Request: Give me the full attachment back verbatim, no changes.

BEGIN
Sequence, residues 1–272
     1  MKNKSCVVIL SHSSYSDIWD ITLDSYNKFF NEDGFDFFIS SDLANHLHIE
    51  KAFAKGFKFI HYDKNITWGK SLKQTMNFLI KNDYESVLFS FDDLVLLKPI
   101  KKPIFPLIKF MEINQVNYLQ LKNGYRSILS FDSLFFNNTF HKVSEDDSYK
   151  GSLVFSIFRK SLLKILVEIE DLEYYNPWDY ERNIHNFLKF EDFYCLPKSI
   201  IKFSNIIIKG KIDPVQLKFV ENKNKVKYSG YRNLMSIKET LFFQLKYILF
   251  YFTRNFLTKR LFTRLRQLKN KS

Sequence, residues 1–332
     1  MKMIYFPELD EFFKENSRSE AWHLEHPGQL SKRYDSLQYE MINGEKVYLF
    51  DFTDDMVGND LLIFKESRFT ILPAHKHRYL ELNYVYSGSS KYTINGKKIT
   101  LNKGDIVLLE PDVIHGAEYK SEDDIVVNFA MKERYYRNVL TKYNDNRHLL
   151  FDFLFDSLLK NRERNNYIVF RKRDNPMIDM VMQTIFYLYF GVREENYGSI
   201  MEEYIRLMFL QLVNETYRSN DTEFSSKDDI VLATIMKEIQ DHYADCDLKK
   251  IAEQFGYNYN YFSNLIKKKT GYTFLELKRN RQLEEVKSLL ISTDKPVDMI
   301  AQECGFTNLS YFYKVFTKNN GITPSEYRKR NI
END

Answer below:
Sequence, residues 1–272
     1  MKNKSCVVIL SHSSYSDIWD ITLDSYNKFF NEDGFDFFIS SDLANHLHIE
    51  KAFAKGFKFI HYDKNITWGK SLKQTMNFLI KNDYESVLFS FDDLVLLKPI
   101  KKPIFPLIKF MEINQVNYLQ LKNGYRSILS FDSLFFNNTF HKVSEDDSYK
   151  GSLVFSIFRK SLLKILVEIE DLEYYNPWDY ERNIHNFLKF EDFYCLPKSI
   201  IKFSNIIIKG KIDPVQLKFV ENKNKVKYSG YRNLMSIKET LFFQLKYILF
   251  YFTRNFLTKR LFTRLRQLKN KS

Sequence, residues 1–332
     1  MKMIYFPELD EFFKENSRSE AWHLEHPGQL SKRYDSLQYE MINGEKVYLF
    51  DFTDDMVGND LLIFKESRFT ILPAHKHRYL ELNYVYSGSS KYTINGKKIT
   101  LNKGDIVLLE PDVIHGAEYK SEDDIVVNFA MKERYYRNVL TKYNDNRHLL
   151  FDFLFDSLLK NRERNNYIVF RKRDNPMIDM VMQTIFYLYF GVREENYGSI
   201  MEEYIRLMFL QLVNETYRSN DTEFSSKDDI VLATIMKEIQ DHYADCDLKK
   251  IAEQFGYNYN YFSNLIKKKT GYTFLELKRN RQLEEVKSLL ISTDKPVDMI
   301  AQECGFTNLS YFYKVFTKNN GITPSEYRKR NI